Mission Development and Operations

In addition to my research in analyzing telescopic and spacecraft data, I have been extremely active in the development and operations of planetary spacecraft missions. Mars from MER Navcam While at Cornell, I participated in the end-to-end implementation, calibration, flight operations, and scientific analysis of MER Pancam multispectral imaging investigation. I also developed an absolute radiometric calibration for the MER navigation camera systems [Soderblom et al., 2008], enabling the studies conducted using these data that I mentioned above; these data, so calibrated, are now available as part of the MER data releases to the NASA Planetary Data System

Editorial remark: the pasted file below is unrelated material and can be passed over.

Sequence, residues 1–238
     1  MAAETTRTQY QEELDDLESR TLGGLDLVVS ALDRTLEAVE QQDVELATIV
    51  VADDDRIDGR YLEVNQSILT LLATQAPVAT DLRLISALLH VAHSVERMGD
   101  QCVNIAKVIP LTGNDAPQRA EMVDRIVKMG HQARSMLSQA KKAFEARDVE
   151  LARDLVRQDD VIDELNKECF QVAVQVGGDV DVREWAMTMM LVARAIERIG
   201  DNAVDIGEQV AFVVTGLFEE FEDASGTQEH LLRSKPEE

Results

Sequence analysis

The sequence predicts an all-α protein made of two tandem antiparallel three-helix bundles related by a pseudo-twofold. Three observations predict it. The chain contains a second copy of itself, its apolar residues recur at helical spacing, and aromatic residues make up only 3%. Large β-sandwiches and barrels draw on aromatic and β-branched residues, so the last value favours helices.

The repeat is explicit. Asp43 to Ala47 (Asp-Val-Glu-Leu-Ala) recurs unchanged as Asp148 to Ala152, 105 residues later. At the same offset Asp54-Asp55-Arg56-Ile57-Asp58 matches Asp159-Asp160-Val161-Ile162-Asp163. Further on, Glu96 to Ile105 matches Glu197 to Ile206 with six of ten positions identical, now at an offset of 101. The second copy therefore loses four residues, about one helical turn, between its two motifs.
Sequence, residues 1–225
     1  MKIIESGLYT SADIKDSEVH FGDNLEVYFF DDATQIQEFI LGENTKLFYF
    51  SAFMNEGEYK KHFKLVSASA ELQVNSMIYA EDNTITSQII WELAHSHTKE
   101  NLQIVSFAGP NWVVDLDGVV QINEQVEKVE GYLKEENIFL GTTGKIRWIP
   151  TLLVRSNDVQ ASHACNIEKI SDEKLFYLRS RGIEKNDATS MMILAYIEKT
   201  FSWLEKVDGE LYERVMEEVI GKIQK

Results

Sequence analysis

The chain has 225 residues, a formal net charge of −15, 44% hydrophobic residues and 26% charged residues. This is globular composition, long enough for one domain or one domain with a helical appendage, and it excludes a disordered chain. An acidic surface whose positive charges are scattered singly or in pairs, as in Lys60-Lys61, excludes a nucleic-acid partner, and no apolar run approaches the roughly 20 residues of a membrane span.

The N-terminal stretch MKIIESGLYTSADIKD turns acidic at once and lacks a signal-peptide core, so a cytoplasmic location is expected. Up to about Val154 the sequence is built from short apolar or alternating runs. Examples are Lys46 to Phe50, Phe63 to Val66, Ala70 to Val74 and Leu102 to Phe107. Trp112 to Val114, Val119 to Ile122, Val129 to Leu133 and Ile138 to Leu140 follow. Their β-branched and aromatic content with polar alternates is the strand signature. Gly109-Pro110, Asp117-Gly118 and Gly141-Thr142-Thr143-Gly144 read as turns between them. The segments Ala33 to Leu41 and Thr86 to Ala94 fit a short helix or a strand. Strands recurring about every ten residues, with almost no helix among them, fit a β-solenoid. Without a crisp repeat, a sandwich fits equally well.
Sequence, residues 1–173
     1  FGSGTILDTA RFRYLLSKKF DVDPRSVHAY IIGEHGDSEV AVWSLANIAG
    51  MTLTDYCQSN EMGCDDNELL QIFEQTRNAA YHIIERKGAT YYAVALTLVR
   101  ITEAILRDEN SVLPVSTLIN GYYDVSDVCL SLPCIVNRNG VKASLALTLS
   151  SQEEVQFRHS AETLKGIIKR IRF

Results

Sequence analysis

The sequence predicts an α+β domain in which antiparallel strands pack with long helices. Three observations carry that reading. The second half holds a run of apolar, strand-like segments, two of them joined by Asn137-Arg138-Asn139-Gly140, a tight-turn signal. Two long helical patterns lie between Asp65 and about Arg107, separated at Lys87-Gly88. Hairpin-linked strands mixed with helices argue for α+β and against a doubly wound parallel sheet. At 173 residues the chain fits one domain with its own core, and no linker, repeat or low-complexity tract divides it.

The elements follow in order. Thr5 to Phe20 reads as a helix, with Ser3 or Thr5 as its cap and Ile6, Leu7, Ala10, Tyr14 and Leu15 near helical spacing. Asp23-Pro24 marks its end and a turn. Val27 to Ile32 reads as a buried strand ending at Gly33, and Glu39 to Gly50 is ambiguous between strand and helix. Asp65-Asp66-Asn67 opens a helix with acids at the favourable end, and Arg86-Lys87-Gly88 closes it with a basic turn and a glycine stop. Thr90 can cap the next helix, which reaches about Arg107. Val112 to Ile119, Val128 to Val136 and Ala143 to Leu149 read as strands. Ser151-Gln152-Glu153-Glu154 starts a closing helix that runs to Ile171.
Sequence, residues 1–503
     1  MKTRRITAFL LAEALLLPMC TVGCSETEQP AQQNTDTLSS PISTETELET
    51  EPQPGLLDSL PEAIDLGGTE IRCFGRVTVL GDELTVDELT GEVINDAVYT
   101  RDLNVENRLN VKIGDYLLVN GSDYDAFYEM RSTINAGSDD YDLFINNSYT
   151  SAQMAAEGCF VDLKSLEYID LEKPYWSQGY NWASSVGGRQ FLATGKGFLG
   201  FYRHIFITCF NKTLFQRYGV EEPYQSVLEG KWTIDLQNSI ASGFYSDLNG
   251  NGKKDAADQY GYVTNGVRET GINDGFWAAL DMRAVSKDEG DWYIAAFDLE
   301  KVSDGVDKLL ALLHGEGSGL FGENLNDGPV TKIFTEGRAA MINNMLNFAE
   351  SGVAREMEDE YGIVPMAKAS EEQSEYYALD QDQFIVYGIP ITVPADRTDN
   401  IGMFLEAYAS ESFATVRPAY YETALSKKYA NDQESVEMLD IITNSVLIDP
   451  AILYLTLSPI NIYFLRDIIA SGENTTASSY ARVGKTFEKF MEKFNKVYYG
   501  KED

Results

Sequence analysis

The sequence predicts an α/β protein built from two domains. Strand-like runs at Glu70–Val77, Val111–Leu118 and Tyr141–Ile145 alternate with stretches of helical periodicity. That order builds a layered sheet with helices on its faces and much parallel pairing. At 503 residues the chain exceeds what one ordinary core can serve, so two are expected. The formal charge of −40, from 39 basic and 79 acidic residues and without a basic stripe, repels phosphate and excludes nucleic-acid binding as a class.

In 2007 I was invited to join NASA’s Science Definition Team for the Titan Saturn System Mission (TSSM) study, a NASA-ESA study to define one of the next flagship missions. I was instrumental in developing the scientific goals upon which further exploration of Titan should be based and established the measurement requirements required to address these questions. Titan Saturn System Mission I took the lead role in defining the imaging spectrometer concept published in the TSSM final report. My research in developing this concept led an independent instrument development effort: a collaborative effort between the University of Arizona and JPL. That development ultimately resulted in a near-infrared camera designed to image Titan's surface at high spatial resolution that was included as part of the payload on a mission to explore Titan and Enceladus, submitted by Christophe Sotin to the Discover 2010 AO. JET Example Flyby I am now working with JPL to further refine the design of this instrument through a combination of efforts, enabled by JPL internal funding and through a proposal that I recently submitted as PI to NASA's Planetary Instrument Definition and Development Program—these efforts are to prepare such an instrument for a future Discovery proposal. I am also a member of two separate teams that are developing instruments for the Europa Jupiter System Mission (EJSM).